|Manufacturer||Jackaroo Aircraft Limited|
|Primary user||Wiltshire School of Flying|
|Number built||19 conversions|
|Developed from||de Havilland Tiger Moth|
The Thruxton Jackaroo was a 1950s British four-seat cabin biplane converted from a de Havilland Tiger Moth by Jackaroo Aircraft Limited at Thruxton Aerodrome and Rollason Aircraft and Engines Limited at Croydon Airport.
The Thruxton Jackaroo was designed as a four-seat cabin general purpose biplane, the original tandem two-seat Tiger Moth fuselage was widened to accommodate four-passengers. The first conversion first flew on 2 March 1957. Eighteen Tiger Moths were converted by Jackaroo Aircraft Limited between 1957 and 1959 and one aircraft was converted by Rollason's in 1960. The aircraft could be fitted with an optional crop spraying gear. One converted aircraft was further modified as a single-seat agricultural aircraft, but with little interest in the variant the aircraft was converted back to a Mk. 1.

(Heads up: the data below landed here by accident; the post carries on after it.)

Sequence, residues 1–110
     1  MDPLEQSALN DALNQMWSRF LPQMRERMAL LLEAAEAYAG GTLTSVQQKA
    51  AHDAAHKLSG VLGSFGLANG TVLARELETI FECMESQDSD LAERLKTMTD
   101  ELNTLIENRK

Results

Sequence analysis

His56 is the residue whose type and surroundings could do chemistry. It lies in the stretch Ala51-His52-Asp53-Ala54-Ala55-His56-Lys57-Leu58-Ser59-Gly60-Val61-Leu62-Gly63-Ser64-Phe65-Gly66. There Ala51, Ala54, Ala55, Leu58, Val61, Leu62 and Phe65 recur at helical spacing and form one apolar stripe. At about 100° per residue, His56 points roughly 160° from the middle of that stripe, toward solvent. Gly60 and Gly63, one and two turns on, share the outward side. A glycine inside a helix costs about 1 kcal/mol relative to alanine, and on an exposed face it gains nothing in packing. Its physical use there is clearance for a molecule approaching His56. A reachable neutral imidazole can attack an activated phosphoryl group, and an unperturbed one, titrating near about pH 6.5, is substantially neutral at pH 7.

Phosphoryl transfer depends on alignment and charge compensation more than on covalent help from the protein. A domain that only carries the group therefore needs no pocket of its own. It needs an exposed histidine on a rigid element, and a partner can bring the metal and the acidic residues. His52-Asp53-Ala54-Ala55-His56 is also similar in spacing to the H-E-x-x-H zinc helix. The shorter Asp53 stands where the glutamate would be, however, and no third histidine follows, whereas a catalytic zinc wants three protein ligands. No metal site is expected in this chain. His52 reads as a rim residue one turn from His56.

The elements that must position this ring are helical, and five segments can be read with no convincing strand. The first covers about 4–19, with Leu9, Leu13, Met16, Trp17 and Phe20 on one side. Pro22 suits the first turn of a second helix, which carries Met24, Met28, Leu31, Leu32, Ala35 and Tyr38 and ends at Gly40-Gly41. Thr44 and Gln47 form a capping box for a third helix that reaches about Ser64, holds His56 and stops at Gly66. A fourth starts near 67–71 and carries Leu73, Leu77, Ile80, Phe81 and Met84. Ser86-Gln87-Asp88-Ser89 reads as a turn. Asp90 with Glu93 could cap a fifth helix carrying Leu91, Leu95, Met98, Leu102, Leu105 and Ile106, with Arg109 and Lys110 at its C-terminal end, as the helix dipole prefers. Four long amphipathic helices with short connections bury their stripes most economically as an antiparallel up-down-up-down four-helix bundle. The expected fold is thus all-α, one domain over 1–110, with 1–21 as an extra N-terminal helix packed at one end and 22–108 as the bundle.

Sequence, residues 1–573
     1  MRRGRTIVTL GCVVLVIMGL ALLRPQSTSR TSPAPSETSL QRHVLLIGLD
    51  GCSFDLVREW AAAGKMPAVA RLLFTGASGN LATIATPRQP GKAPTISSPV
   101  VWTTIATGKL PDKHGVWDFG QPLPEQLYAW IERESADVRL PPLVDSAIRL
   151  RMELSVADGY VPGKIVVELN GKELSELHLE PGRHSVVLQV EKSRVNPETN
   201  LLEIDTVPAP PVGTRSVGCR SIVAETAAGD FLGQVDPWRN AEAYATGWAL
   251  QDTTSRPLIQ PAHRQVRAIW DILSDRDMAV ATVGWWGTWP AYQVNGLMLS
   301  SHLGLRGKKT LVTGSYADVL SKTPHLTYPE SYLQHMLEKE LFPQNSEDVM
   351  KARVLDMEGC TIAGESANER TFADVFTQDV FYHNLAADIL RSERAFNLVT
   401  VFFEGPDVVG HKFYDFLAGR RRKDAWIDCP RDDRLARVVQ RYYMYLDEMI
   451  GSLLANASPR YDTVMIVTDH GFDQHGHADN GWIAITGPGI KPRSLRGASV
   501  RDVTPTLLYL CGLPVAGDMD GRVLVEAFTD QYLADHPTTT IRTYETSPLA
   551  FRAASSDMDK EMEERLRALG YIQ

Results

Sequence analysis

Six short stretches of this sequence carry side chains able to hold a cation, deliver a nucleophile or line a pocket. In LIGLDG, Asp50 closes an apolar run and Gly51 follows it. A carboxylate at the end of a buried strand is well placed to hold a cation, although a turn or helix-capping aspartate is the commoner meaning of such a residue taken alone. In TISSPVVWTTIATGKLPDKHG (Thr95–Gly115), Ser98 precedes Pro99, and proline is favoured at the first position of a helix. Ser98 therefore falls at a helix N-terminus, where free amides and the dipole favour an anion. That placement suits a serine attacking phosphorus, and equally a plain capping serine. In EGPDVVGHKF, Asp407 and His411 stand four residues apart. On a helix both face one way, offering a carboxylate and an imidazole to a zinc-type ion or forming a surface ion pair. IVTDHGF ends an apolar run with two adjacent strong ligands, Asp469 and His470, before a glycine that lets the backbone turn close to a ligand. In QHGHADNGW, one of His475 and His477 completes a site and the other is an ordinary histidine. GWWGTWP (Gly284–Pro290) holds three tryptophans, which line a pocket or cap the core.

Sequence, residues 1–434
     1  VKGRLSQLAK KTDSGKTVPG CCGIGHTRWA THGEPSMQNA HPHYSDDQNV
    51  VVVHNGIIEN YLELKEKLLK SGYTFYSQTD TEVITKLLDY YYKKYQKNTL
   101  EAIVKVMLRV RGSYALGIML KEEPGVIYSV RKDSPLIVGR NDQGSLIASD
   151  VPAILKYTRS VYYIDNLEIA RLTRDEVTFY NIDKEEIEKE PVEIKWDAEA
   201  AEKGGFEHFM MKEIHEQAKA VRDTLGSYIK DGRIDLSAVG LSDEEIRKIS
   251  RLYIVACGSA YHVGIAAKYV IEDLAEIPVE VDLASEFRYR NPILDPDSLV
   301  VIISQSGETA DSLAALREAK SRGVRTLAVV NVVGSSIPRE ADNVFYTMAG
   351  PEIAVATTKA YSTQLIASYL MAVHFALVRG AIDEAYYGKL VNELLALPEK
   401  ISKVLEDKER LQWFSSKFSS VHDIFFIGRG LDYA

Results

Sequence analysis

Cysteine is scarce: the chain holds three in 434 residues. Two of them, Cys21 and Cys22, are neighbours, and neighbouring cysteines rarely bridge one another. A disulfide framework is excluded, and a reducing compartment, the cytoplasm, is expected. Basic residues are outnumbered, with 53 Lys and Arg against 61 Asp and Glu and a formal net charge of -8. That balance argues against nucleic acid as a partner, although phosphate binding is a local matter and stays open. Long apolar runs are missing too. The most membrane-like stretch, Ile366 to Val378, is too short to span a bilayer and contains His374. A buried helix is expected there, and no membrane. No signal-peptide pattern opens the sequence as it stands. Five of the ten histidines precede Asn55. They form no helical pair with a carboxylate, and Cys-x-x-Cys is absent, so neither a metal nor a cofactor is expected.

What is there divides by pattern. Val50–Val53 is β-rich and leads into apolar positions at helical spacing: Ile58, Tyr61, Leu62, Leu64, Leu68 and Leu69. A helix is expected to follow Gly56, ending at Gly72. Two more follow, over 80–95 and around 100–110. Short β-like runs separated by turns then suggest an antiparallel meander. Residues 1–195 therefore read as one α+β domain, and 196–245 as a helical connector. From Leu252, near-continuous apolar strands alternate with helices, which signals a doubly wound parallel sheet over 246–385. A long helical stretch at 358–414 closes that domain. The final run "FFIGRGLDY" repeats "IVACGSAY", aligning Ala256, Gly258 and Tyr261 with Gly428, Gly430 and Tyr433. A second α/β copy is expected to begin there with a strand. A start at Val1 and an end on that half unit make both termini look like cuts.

- Jackaroo Mk 1
- Production cabin biplane with wooden canopy.
- Jackaroo Mk 2
- Single-seat Agricultural variant with either a hopper or 60-gal tank in place of the two front seats, one conversion.
- Jackaroo Mk 3
- Production cabin monoplane with metal canopy and provision for brakes.
Data from De Havilland Aircraft since 1909
- Crew: 4
- Length: 25 ft 0 in (7.62 m)
- Wingspan: 30 ft 4¼ in (9.25 m)
- Height: 9 ft 6 in (2.90 m)
- Wing area: 239 sq ft (22.2m²)
- Empty weight: 1,360 lb (618 kg)
- Max. takeoff weight: 2,180 lb (991 kg)
- Powerplant: 1 × de Havilland Gipsy Major four-cylinder, air-cooled, inline engine, 130 hp (97 kW)
- Maximum speed: 102 mph (89 knots, 164 km/h)
- Cruise speed: 90 mph (78 knots, 145 km/h)
- Range: 250 mi (217 nmi, 403 km)
- Rate of climb: 600 ft/min (3.0 m/s)
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